Trade emotional for both Harry Shipp and Fire fans


Trade emotional for both Harry Shipp and Fire fans

In professional sports, players leave and trades happen. That’s part of the business side of sports.

However, when the Chicago Fire traded Harry Shipp on Saturday, the business side caused some tears to be shed.

Shipp tweeted out a statement Saturday afternoon explaining what the Fire meant to him as a childhood fan of the team and thanked fans for his time with the club.

“When I was told out of the blue that I would no longer be a member of the Fire, I immediately broke down and started crying,” Shipp said in the statement. “It was totally shocking and overwhelming. This club and this city have meant everything to me. Not just for the past two years, but since I started following the Fire over 15 years ago. I know this is a business and nothing is personal, but this is inherently personal for me.”

Those words and feelings likely echoed throughout the fanbase. Take one look at the responses to the Fire’s tweet announcing the trade. It doesn’t paint a pretty picture.

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Shipp may not be the star fans thought he would be after a strong rookie campaign. He could also see his production skyrocket this season in Montreal with Didier Drogba leading the Impact’s attack.

Regardless, the reason many fans are probably upset is because Shipp represented something the Fire haven’t had enough of in recent years. He was a talented young player with local roots and on top of that was a genuinely nice person. Shipp was becoming the face of the franchise and, whether or not his play on the field warranted it, Shipp was the most well-known Fire player within Chicagoland.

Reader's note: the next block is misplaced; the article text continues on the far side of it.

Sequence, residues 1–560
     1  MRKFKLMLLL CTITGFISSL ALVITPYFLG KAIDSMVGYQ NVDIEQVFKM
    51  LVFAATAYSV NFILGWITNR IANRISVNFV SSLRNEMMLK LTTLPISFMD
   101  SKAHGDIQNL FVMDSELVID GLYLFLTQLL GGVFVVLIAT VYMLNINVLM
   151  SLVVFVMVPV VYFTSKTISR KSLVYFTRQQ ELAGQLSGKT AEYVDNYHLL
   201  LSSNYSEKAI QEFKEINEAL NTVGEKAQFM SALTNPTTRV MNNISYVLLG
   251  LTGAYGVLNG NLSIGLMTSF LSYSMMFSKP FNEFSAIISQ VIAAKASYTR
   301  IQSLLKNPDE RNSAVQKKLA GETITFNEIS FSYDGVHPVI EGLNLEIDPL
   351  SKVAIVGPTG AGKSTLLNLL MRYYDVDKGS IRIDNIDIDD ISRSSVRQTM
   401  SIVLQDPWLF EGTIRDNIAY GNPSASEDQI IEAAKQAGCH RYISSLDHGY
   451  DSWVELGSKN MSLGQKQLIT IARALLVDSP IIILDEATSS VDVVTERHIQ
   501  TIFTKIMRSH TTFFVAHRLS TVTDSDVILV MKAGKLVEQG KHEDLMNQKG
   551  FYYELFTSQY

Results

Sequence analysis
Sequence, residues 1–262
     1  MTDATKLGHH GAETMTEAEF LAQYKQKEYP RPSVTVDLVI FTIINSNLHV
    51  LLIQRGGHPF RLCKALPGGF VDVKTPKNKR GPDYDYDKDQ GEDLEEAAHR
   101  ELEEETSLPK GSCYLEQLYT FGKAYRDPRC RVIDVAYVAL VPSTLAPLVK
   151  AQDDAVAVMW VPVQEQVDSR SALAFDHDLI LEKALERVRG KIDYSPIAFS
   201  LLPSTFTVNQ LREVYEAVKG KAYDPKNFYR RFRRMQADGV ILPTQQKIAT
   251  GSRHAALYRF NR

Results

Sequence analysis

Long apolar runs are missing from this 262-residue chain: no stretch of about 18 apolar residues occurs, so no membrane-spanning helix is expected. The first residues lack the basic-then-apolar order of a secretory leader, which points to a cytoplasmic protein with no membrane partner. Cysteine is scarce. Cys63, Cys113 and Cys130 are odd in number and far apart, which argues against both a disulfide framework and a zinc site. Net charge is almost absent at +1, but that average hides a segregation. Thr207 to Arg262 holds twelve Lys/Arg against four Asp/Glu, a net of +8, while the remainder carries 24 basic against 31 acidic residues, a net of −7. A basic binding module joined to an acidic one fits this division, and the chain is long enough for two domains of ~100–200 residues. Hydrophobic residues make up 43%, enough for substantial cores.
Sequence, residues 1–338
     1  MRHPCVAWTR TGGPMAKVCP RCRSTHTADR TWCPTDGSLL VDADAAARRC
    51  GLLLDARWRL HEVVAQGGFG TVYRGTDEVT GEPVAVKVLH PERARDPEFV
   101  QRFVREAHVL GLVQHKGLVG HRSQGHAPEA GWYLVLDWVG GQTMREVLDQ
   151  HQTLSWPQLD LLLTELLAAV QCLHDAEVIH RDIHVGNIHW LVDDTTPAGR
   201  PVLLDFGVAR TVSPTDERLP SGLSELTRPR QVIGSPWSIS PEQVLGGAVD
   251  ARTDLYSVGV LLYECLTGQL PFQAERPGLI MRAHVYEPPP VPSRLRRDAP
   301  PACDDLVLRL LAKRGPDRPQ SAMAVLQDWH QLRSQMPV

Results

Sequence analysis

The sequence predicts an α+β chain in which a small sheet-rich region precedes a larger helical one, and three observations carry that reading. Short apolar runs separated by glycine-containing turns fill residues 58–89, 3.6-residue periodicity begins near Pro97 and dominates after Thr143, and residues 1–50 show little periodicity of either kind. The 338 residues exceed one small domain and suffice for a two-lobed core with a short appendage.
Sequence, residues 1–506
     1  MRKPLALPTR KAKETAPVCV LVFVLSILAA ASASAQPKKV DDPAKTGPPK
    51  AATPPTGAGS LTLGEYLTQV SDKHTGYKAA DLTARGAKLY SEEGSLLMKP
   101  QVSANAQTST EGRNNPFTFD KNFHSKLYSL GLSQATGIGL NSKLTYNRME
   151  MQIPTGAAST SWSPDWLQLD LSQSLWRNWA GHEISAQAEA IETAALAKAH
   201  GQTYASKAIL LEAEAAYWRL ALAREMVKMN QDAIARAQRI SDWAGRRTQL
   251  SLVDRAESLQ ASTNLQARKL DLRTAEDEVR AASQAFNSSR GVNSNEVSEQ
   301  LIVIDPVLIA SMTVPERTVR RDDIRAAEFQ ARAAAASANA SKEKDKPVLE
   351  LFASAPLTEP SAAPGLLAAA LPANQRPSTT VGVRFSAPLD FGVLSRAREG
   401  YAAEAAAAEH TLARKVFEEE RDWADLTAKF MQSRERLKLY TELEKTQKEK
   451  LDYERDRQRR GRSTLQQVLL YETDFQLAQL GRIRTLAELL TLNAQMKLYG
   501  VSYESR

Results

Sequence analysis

When Shipp emerged as a star at Notre Dame, led the Fighting Irish to the national title in 2013 and became one of the top rookie prospects in Major League Soccer, it gave the Fire some much-needed buzz that he could sign as a Homegrown Player. After he was Rookie of the Year runner-up, Fire fans had a player to latch onto as someone to be proud of.

Everyone loves a local kid makes good story and the Chicago Fire had one of its own. As Academy players continue to sign with the Fire, and more are on the way, none have made the impact Shipp has had.

Fire fans have become skeptical in recent years. That’s what happens when a team makes the playoffs just once in six years in a league where more than half of the league makes the playoffs. Shipp cut through that to give the team and fans something positive and it’s hard to put a price on that. Yet, that’s exactly what happened on Saturday.